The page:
Lowest safe altitude


In aviation (particularly in air navigation), lowest safe altitude (LSALT) is an altitude that is at least 500 feet above any obstacle or terrain within a defined safety buffer region around a particular route that a pilot might fly. The safety buffer allows for errors in the air by including an additional area that a pilot might stray into by flying off track. By flying at or above this altitude a pilot complies with terrain clearance requirements on that particular flight leg.

Australian definition edit

  • The minimum LSALT is 1500 feet.[1]
  • LSALT is 1360 feet above the highest terrain where any obstacle thereon is less than 360 feet above the terrain, or there is no charted obstacle.
  • LSALT is 1000 feet above the highest obstacle which is greater than 360 feet above the terrain…………

For example, if there is an obstacle at 200 feet above terrain of 2500 feet, LSALT is 2500 feet (terrain height) + 1360 feet (clearance height), for an LSALT of 3860 feet; if there is an obstacle at 450 feet above terrain of 3600 feet, LSALT is 4050 feet (obstacle height) + 1000 feet (clearance height), or an LSALT of 5050 feet.

The differences in the clearance heights for obstacles is due to the potential for unreported obstacles up to 360 feet which are not marked on maps or charts.

The determination of which is the highest obstacle along the flight path depends on the method of navigation (radio navigation aid, dead reckoning or area navigation systems) and on the flight rules (instrument or night VFR)

FAA definition edit

In the United States in particular, the Federal Aviation Administration calls this concept the minimum safe altitude (MSA), and is defined within the Federal Aviation Regulations (FAR):

  1. Anywhere: an altitude allowing a safe emergency landing without undue hazard to person or property on the ground;
  2. Over Congested Areas: an altitude of 1,000 feet above the highest obstacle within a horizontal distance of less than 2,000 feet;
  3. Over Unpopulated Areas: an altitude of 500 feet AGL;
  4. Over Open Water or Sparsely Populated Areas: an altitude allowing for a linear distance greater than 500 feet from any person, vessel, vehicle, or structure;
  5. Helicopters: If without hazard to persons or property on the surface, an altitude lower than in definitions 2, 3, and 4 above, provided in compliance with any routes or altitudes specifically prescribed for helicopters by the FAA.

IFR flights edit

There are two restrictions on altitude which are important to IFR flight planning:

  1. Minimum reception altitude (MRA), an altitude which must be maintained across a flight segment (i.e. between two navigation radio transmitters) in order to assure reception of the required radio signals at all portions of that segment.
  2. Minimum obstacle clearance altitude (MOCA), an altitude which provides a predetermined vertical clearance from known obstacles within a predetermined corridor along the specified flight segment.

For a published procedure, the greater of these two altitudes is the altitude which must be adhered to during that segment, and is called the Minimum Enroute Altitude (MEA). However, on an IFR en route chart, an asterisk appears next to the MOCA if there is also a MRA on that part of the route that uses a significantly higher altitude. One may choose to fly the lower MOCA altitude, but must keep in mind navaid reception is unlikely. One may do this if utilizing GPS and does not require navaids to navigate and would like the lower altitude.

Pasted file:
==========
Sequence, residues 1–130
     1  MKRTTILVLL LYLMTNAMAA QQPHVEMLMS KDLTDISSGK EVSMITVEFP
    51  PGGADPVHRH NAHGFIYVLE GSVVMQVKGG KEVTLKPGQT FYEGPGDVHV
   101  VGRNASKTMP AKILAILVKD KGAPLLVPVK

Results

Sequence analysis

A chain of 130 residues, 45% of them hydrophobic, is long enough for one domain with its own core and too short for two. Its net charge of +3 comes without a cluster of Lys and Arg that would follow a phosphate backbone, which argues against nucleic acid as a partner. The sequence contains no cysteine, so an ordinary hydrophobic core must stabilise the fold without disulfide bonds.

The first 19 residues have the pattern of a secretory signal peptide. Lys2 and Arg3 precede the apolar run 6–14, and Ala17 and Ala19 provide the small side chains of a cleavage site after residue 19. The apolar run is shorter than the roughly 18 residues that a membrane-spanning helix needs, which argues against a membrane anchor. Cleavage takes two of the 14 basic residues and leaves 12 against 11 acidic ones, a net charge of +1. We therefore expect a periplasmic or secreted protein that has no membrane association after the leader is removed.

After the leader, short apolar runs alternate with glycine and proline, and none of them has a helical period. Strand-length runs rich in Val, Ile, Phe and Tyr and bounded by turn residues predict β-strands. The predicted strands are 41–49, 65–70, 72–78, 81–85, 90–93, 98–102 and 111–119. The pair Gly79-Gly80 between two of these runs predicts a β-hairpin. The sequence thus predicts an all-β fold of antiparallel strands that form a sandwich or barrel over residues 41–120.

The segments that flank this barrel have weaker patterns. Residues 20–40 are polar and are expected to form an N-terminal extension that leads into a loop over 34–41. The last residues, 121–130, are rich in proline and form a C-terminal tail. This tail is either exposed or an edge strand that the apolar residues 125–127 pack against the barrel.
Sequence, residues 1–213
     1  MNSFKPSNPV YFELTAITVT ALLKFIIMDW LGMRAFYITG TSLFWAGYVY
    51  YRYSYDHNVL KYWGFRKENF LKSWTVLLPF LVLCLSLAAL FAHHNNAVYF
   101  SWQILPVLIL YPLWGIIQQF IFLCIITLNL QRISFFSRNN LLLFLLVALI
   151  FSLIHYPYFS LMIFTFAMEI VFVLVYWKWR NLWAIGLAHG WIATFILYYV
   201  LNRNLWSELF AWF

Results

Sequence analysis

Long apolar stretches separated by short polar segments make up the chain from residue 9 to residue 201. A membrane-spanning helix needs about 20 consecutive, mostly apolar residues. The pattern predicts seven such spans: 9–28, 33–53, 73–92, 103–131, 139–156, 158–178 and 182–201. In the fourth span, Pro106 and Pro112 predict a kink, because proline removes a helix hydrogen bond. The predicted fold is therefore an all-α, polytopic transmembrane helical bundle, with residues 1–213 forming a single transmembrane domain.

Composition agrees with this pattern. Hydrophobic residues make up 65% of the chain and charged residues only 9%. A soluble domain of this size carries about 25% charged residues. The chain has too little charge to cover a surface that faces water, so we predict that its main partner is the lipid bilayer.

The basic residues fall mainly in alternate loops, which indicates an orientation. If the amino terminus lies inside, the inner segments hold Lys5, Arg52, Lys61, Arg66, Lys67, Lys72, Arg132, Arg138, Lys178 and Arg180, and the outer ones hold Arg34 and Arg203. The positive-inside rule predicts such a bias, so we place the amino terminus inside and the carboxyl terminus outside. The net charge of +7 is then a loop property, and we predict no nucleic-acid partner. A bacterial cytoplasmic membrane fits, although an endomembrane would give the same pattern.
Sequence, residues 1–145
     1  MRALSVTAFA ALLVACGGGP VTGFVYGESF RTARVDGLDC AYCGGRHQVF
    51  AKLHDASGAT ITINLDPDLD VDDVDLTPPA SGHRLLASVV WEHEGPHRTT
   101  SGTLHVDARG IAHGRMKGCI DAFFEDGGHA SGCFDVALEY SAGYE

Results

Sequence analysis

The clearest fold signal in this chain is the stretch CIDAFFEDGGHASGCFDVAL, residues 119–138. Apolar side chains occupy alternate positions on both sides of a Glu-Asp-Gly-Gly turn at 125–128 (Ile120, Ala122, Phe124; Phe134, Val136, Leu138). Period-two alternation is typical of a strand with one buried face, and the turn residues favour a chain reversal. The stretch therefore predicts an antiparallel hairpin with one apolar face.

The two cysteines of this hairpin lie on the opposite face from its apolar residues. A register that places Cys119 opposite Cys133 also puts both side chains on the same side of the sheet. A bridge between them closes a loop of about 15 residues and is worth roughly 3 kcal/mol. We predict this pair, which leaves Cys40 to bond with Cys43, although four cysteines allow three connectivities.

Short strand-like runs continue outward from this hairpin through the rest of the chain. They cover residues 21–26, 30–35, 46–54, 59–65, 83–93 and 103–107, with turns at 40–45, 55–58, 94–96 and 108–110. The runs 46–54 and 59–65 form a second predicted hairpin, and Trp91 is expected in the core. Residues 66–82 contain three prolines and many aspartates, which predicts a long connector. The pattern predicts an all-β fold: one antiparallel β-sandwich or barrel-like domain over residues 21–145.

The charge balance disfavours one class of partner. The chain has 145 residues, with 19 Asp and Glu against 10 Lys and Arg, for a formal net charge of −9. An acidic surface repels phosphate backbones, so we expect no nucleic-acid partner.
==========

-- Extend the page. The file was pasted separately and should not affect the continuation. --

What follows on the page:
These altitudes are listed as "MSL" on IFR planning charts, and are thus the altitudes which would be indicated on the aircraft's barometric altimeter.

Area minimum altitudes edit

On Canadian IFR High- and Low-Level charts, area minimum altitudes (AMA) are published for quadrangle areas, which provide a buffer beyond the VFR maximum elevation figure. The AMA is the lowest off-airway altitude to be used under instrument meteorological conditions (IMC) that will provide a minimum vertical clearance of 1,000 feet (AGL), or in designated mountainous terrain 2,000 feet above all obstacles located in the area specified, rounded up to the nearest 100 foot increment.[2]

VFR flights edit

Since VFR flights are not necessarily conducted on straight lines between ground-based radio navigation transmitters, the altitude restrictions for IFR flights are not applicable. Instead, a VFR flight can be conducted using pilotage, watching landmarks to determine position and desired direction. In this situation, the minimum reception altitude becomes moot, and the over-riding concern is for obstacle clearance.

Pilotage in the United States is usually accomplished with the use of sectional charts, which show the ground with considerable accuracy, both for terrain levels and for man-made objects. The charts are marked with World Geographic Reference System or GEOREF grids, and at the center of each grid square a number shows the elevation (MSL) of the highest obstacle within that grid (the maximum elevation figure or MEF). Thus a pilot is alerted of how high he must fly while traversing that grid to assure clearance of all possible obstacles. Then it is up to the pilot to select a cruising altitude which will provide the required clearance above those obstacles.

On sectional charts, man-made obstacles less than 200 feet in height may not be shown.

See also edit

Notes edit

  1. ^ Aeronautical Information Publication Australia GEN 3.3 para 4.5
  2. ^ "Aviation Terminology I". Archived from the original on 2019-12-09. Retrieved 2013-03-25.

External links edit

  • Civil Aviation Safety Authority – Australia